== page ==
When upgrading from 4.2.2 to 5.0.5, we ran into a bug, which caused the OSPF process to hang and required a reboot to fix. I'm hoping to find no more bugs going from 5.0.5 to 5.1.5.

No EPLD upgrades required so far, so no module reboots.

Hi Anonymous,
The modules will be rebooted but it is non-disruptive. The entire system has been engineered from day one to separate control plane from data plane so we can upgrade the control plane without impacting the user traffic.

Ron, do you have any insight into why both the Layer 3 daughtercard and root bridging on the 5k break the data plane/control plane separation? The 5k would otherwise be the perfect next core switch for my small enterprise but the loss of hitless firmware upgrades for such a basic feature as layer 3 switching is mind boggling. I'm just trying to wrap my head around where in the architectural design things went wrong on the separation.

thanks,
Andrew

Ron, how does the n7k handle fex cards during issu? Do the fex units reload after moving code from to code?

...web page scraped part of the question.

Do the fex units reload after moving from previous to new code?

Hi Ron,

I have problem with my Nexus 7010 upgrading process. I have done it twice and I still fail to upgrade my NX-OS from 6.1(1) to 6.1(2). I got this message:
“unable to install log files”
“errno=13”

After that I tried to reload my system but i got stuck on "Status 90: Loading Boot Loader". After reading some documentations I assume that the problem is in my BIOS which got corrupted and I suspect this is because the upgrade process because from what I know, upgrading your NX-OS also means upgrading the BIOS. CMIIW.

But since my upgrading process failed at the very first step (if i didn't forget, it failed on the uncompressing image file step) I assume that the BIOS didn't changed and I have tried to check my NX-OS version after those two attempts and found that my NX-OS version still at 6.1(1) which convince me that the upgrade process really really failed.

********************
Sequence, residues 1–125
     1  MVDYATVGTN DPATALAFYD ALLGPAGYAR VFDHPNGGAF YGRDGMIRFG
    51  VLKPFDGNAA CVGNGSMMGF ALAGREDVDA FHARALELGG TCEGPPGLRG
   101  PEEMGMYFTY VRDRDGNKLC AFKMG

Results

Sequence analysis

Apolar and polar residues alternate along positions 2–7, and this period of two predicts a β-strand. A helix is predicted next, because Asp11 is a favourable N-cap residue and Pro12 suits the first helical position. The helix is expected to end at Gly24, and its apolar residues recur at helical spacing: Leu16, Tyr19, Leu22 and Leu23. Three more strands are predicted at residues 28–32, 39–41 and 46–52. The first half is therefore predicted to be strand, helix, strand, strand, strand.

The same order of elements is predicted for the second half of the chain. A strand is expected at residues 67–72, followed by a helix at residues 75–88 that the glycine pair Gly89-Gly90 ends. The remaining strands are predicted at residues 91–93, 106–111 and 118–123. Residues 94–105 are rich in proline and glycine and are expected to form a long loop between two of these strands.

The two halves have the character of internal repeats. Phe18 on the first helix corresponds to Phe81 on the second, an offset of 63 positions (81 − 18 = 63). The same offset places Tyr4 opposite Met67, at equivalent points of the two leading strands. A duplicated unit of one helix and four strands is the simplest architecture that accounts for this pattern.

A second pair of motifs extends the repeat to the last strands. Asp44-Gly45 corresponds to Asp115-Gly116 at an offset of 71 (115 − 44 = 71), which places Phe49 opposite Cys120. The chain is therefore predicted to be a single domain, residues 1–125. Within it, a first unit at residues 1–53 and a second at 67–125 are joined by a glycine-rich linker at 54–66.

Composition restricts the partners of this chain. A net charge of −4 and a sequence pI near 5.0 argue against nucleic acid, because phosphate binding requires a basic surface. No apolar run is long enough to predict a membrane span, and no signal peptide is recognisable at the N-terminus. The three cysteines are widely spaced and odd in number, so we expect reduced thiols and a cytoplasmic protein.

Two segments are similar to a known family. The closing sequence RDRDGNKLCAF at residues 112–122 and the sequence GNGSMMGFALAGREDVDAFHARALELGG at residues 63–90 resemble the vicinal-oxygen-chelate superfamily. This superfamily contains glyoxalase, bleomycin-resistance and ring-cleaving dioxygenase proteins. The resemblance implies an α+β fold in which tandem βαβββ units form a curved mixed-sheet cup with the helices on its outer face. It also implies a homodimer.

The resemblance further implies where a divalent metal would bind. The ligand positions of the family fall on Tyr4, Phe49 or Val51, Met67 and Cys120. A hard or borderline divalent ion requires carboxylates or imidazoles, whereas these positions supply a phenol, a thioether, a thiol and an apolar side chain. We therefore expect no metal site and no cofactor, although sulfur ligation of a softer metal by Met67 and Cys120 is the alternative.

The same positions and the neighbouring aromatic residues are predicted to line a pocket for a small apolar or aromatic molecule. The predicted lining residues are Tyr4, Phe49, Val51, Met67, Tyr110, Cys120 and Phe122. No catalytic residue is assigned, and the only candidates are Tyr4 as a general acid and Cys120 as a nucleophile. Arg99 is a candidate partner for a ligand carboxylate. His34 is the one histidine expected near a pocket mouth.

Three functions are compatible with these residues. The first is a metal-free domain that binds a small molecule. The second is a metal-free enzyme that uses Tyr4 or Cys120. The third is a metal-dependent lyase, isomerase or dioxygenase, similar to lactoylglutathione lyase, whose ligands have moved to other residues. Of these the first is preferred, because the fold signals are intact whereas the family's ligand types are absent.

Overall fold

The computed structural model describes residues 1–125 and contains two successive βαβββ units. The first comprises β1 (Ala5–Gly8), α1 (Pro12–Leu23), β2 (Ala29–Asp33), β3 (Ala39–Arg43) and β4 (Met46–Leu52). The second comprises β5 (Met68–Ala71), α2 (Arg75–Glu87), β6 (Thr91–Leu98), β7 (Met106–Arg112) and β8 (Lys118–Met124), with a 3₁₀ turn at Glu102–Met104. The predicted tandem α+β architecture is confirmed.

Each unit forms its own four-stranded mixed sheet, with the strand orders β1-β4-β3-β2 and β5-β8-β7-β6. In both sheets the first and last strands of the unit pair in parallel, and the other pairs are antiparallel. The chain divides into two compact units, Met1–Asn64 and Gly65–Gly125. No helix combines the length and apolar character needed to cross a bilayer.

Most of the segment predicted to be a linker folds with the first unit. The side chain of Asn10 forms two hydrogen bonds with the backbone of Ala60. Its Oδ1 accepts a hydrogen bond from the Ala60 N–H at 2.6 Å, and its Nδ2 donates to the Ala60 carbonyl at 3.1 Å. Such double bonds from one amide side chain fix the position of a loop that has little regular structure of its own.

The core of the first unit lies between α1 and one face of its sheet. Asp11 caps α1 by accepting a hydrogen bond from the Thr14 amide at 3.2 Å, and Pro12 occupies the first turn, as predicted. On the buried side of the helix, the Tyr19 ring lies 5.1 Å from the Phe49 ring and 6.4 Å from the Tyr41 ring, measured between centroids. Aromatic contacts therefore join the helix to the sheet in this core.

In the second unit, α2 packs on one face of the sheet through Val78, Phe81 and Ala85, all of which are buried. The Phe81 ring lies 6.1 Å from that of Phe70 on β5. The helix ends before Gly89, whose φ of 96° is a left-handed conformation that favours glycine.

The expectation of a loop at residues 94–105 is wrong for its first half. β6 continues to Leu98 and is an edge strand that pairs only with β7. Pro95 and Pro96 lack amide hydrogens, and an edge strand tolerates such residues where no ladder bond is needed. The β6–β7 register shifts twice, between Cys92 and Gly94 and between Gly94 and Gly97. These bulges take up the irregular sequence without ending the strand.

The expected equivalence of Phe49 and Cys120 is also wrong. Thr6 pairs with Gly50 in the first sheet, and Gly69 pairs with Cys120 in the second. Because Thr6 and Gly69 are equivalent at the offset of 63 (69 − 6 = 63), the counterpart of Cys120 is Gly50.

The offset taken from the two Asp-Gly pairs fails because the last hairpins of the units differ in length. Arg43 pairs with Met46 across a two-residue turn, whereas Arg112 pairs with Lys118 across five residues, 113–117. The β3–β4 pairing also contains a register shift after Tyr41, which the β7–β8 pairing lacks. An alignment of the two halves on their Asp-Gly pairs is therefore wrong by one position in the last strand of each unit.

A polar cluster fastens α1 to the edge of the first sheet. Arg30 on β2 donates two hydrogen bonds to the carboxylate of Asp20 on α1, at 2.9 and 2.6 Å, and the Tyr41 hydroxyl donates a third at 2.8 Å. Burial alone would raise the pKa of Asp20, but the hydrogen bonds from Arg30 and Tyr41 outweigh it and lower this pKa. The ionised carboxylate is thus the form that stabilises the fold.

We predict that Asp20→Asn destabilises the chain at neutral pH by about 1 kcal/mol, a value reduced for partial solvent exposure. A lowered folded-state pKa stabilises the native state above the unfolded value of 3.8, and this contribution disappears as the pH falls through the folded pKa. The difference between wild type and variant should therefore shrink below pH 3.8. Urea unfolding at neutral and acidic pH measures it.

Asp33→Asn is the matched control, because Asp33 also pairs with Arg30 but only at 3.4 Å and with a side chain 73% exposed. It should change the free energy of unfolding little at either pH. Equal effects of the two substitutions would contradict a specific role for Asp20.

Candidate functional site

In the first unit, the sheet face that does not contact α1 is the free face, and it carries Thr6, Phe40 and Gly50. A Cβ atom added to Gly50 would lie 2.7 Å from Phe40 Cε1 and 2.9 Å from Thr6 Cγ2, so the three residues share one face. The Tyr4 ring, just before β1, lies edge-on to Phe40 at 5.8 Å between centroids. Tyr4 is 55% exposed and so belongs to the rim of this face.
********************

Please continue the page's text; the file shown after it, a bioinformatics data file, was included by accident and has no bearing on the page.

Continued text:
I have tried to ask this before to Michael McNamara but unfortunately he never experienced the same problem like mine so he can't give me any advice. Can you help me in this matter? or maybe give me some clues to help me troubleshooting this problem.

I have plan to contact Cisco TAC support on tommorow Monday, but I think before doing that, I have to try to figure out what's the root of this problem.

I hope you can help me in this matter. Thanks.


best regards,

Yedi

This comment has been removed by the author.

This is an embarrassingly simple question but I can't find the answer anywhere. If I DO NOT have redundant supervisor modules and and a supervisor needs to reset (say, due to repeated service failure), is that essentially a reboot and stops the nexus 7k from forwarding?

I want to upgrade Nexus 7010 switch NX-OS. Current system Version 5.0(2a). Please suggest me next suitable version to upgrade and train chart. If I want to upgrade to 5.2(9), can I directly upgrade or need to upgrade it to 5.1 and then to 5.2. Please help

Hi, on the 7k, do you have to be connected SSH etc to the standby sup, or is this a dumb question. Im guessing that you woukd be consoled to the 7k???

Cheers,

Scott.

Hi Scott,
You can't SSH to the standby SUP as it's IP stack isn't active until it becomes the active supervisor. I prefer to do ISSU from console and once the active sup switches over, connect to the other supervisor's console to see the ISSU complete.

This may be a useful post but beware bug CSCul22703. I've always had to reload due to BIOS upgrades or power controller upgrades. ISSU can be a mine field!